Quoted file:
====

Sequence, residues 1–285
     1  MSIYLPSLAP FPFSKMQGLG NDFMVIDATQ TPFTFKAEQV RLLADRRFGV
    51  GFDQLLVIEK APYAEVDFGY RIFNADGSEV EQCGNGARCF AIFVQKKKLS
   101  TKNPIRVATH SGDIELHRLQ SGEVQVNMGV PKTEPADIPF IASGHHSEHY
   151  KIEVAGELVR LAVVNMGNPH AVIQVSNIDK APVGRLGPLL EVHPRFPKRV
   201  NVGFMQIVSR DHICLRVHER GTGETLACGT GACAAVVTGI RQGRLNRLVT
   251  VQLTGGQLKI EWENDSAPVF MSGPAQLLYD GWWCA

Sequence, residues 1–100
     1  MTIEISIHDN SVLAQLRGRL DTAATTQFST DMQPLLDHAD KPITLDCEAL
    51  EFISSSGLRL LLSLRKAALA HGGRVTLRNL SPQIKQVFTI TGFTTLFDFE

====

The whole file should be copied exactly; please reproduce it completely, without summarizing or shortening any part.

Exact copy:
Sequence, residues 1–285
     1  MSIYLPSLAP FPFSKMQGLG NDFMVIDATQ TPFTFKAEQV RLLADRRFGV
    51  GFDQLLVIEK APYAEVDFGY RIFNADGSEV EQCGNGARCF AIFVQKKKLS
   101  TKNPIRVATH SGDIELHRLQ SGEVQVNMGV PKTEPADIPF IASGHHSEHY
   151  KIEVAGELVR LAVVNMGNPH AVIQVSNIDK APVGRLGPLL EVHPRFPKRV
   201  NVGFMQIVSR DHICLRVHER GTGETLACGT GACAAVVTGI RQGRLNRLVT
   251  VQLTGGQLKI EWENDSAPVF MSGPAQLLYD GWWCA

Sequence, residues 1–100
     1  MTIEISIHDN SVLAQLRGRL DTAATTQFST DMQPLLDHAD KPITLDCEAL
    51  EFISSSGLRL LLSLRKAALA HGGRVTLRNL SPQIKQVFTI TGFTTLFDFE